The Queen vs. The Defendant

Cases for Failing to Comply with Release Conditions, Probation and Conditional Sentences

Cases in 2020

  • R. v. C.W.2020

    The client had a matter that was at warrant status from years prior. It related to a failure to appear at court for an amendment to a conditional sentence order. It took a lot of investigating and phone calls to achieve the result of having the charge dismissed.

  • R. v. D.M.2020

    The client was charged with domestic assault and immediately, the police instituted a no contact provision with the client's spouse. I was able to have that condition amended to allow for contact.

  • R. v. D.M.2020

    The client was charged with domestic assault and immediately, the police instituted a no contact provision with the client's spouse. I was able to have that condition amended to allow for contact.

Cases in 2019

  • R. v. P.M.2019

    The client was charged with two counts of breaching probation and failing to appear with a summons. The charges were from a few years back when the client failed to finish counseling sessions she was required to take. She was a young mom in her 20s and had trouble completing counseling due to transportation issues, affordability, and childcare. She had spoken with her probation officer about this and left numerous messages, but she did not hear back from him and so she assumed it was fine. She was served with a summons, however at the time it was delivered to an old address. She had shown her probation officer her lease of residence but it was not recorded on her file. She was unaware she had court. After discussions with the crown, they were agreeable to allowing her to complete the counseling which was initially required. Upon doing so, and proof being provided, the charges were withdrawn.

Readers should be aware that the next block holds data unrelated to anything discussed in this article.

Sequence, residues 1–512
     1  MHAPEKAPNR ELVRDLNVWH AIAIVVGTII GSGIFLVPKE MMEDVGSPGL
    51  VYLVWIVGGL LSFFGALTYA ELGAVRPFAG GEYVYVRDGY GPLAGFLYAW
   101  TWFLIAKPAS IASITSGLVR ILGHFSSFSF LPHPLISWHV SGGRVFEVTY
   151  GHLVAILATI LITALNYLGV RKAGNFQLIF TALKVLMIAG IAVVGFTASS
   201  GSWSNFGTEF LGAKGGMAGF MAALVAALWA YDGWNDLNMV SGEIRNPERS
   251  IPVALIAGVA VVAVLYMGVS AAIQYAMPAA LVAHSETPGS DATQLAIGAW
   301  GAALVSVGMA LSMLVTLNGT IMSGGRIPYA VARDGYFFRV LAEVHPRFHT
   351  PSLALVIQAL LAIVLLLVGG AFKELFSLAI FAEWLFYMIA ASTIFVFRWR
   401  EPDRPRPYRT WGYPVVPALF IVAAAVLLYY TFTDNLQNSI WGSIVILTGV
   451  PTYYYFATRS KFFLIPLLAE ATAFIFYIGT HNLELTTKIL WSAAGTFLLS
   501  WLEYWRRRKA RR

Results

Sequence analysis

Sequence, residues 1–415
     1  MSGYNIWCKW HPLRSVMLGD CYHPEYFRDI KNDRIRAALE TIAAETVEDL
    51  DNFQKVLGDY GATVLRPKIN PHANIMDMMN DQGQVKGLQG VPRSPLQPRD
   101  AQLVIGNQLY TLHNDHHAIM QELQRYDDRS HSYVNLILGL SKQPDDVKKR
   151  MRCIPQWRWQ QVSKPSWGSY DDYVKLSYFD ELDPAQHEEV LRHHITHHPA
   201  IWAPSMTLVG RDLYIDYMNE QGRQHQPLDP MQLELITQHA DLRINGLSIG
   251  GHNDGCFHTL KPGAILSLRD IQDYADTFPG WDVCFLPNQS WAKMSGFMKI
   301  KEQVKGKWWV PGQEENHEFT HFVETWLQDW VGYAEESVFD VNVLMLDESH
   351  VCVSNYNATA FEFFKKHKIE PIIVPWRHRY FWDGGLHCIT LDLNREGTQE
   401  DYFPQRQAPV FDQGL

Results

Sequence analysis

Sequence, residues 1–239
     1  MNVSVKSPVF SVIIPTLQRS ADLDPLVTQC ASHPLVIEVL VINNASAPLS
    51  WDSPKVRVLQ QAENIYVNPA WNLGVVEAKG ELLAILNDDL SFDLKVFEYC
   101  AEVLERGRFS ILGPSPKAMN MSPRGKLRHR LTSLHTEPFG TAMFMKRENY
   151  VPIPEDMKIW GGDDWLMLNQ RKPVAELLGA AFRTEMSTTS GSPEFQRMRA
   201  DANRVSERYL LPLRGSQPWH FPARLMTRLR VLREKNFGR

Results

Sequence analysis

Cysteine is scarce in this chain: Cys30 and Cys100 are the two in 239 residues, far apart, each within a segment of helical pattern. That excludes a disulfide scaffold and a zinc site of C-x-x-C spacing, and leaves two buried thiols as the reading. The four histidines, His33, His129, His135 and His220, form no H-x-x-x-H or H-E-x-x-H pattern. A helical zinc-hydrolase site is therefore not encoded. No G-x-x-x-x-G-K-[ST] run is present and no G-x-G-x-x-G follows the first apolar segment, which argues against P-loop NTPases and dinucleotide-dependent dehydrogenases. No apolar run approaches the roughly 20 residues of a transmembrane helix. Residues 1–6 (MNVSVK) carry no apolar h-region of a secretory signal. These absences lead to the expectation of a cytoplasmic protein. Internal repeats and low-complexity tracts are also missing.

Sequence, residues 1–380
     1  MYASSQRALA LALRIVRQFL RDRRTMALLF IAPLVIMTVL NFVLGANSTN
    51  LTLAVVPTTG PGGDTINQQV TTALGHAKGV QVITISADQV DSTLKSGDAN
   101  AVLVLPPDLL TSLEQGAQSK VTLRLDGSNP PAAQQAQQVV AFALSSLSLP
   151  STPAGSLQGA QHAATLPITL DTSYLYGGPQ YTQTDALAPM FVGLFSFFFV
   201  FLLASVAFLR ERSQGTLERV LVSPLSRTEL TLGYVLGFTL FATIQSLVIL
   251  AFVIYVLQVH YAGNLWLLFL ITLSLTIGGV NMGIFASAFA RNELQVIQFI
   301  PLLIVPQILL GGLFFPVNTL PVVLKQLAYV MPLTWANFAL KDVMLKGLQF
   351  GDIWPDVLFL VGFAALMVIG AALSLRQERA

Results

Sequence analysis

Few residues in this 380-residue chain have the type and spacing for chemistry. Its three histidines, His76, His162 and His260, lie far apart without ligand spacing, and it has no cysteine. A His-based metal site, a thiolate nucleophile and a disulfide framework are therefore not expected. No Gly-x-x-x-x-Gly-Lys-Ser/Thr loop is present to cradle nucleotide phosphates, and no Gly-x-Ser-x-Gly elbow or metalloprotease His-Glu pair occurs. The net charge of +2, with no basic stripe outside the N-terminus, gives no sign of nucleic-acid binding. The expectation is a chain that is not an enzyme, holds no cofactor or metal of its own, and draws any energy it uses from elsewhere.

• R. v. P.M.2019

    The client was charged with two counts of breaching probation and failing to appear with a summons. The charges were from a few years back when the client failed to finish counselling sessions she was required to take. She was a young mom in her 20s and had trouble completing counselling due to transportation issues, affordability, and childcare. She had spoken with her probation officer about this and left numerous messages, but she did not hear back from him and so she assumed it was fine. She was served with a summons, however at the time it was delivered to an old address.  She had shown her probation officer her lease of residence but it was not recorded on her file. She was unaware she had court. After discussions with the crown, they were agreeable to allowing her to complete the counselling which was initially required. Upon doing so, and proof being provided, the charges were withdrawn.

Cases in 2014

  • R. v. E.L.2014

    The client was charged with failure to comply with release (bail conditions). All of the charges were dropped. No conviction. No criminal record.

  • R. v. P.D.2014

    The client was charged with the criminal offence of failing Charge of failure to comply with release was dropped by the Crown on Ms. Karpa'’s urging.

Cases in 2013

  • R. v. N.L.2013

    Client was charged with multiple offences. Police arrested client on an allegation of a breach of his release. Ms. Karpa got the client out on bail for the second time.